Érase una vez el relato de un hombre con una vida muy particular, pero hombre al fin, esa es la única condición que lo dejaría vivir, de no ser por un error “humano” que lo hace extraño y temible. Sin embargo lo que para el fue una gran ventaja se torna en un tormento, la posibilidad de ver todo sin ser visto, ¿hasta donde? En apariencia no hay limites, y con todo esto el relato no parece sino el deseo de redimir aquello que hizo mal, eso que posee, para su época es un mal (no se como seria para este), porque es diferente. El hombre invisible representa todo sentimiento e inquietud por ver, escuchar, juzgar, y salir ilesos de cualquier reacción contraria a estos actos, decir que se trata algo fuera de lo normal sonaría absurdo, el curiosear se torna casi natural y necesario, se convierte en un motivo y razón para muchos. Pero la invisibilidad es algo poco “razonable” y descabellado, pero el hombre se caracteriza por adaptarse, no obstante también los problemas parecen adaptarse.
Please note: This audiobook is in Spanish.
Would you consider the audio edition of El hombre invisible [The Invisible Man] to be better than the print version?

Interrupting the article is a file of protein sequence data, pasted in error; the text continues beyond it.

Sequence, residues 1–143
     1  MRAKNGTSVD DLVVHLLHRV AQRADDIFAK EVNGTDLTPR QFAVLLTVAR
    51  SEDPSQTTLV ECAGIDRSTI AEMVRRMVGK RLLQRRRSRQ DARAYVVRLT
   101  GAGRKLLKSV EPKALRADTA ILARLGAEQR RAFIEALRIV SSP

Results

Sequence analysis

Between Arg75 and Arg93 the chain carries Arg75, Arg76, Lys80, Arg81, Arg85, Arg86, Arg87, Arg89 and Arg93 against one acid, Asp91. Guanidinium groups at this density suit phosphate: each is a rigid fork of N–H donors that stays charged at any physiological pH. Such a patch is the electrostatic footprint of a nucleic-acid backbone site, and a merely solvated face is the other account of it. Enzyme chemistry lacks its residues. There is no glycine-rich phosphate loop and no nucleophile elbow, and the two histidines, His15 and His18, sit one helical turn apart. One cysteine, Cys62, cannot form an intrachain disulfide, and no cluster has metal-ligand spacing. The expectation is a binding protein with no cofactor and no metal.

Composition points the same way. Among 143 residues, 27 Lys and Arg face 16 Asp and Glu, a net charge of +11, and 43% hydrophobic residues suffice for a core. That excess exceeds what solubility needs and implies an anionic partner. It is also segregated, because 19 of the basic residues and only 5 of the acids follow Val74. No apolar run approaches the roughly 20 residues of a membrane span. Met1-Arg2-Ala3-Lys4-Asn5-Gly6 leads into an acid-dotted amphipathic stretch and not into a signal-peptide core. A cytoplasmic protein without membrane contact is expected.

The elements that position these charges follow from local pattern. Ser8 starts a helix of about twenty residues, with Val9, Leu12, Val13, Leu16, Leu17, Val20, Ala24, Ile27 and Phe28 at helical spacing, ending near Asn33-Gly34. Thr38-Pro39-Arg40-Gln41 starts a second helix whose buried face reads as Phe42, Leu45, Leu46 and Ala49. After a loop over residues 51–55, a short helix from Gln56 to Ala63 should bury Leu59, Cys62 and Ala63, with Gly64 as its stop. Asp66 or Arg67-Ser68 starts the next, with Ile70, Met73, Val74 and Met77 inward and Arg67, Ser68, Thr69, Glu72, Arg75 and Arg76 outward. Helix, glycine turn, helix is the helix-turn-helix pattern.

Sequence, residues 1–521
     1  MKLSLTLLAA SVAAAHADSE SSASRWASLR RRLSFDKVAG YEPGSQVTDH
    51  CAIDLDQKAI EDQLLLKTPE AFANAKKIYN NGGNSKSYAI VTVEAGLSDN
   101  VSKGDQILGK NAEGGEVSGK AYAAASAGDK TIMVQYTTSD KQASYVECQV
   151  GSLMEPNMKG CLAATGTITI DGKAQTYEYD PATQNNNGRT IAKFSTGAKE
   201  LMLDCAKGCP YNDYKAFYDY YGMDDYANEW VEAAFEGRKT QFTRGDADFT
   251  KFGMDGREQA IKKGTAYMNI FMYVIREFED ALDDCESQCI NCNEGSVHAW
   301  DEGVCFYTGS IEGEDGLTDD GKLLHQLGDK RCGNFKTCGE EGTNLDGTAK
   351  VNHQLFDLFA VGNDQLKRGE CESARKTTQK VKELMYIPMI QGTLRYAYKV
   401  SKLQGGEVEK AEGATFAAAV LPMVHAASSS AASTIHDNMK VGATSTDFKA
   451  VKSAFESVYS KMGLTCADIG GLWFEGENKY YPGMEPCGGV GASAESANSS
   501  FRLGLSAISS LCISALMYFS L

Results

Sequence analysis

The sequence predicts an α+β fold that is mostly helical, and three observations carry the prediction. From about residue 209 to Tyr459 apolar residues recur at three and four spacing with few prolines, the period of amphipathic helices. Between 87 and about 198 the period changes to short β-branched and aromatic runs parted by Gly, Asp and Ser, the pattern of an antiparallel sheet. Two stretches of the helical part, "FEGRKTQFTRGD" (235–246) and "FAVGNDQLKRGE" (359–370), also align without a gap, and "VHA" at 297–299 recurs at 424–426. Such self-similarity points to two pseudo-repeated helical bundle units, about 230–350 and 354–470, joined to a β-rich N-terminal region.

Not a very fair question. Some people prefer to read, some people prefer to listen. I can listen to an audiobook while I bike or while I'm doing something else where holding a book, phone, or Kindle would be inconvenient.
Who was your favorite character and why?
Who else....the Invisible Man. (Spoiler) I hate the fact that HG Wells turned him into a villain at the end, because with everything he goes through in the story, you can't help but sympathize with him. It seems like he suffers calamity after calamity, and I was almost angry at Kemp for his betrayal. Griffin needed help; he was clearly a brilliant mind that needed and deserved the chance to redeem himself.
Which scene was your favorite?
My favorite scenes were the ones that took place in the beginning, when Griffin is still a mysterious figure to us readers, and also the part where he is recounting his biography to Kemp.
Did you have an extreme reaction to this book? Did it make you laugh or cry?
Not really. It's not that kind of a book, written more in the style of a newspaper article, rather than a comedy or a tragedy.
Any additional comments?
The production for this recording could have been better. Aparicio fumbles at least one sentence that I caught, but that should've been edited out, and there are also times when you can hear a door closing and a bottle being opened.That being said, Enrique Aparicio is an EXCELLENT narrator. I really wish he was as prolific a reader in Spanish as Scott Brick is in English. His voice is so soothing, yet intriguing, and his pronunciations are very clear.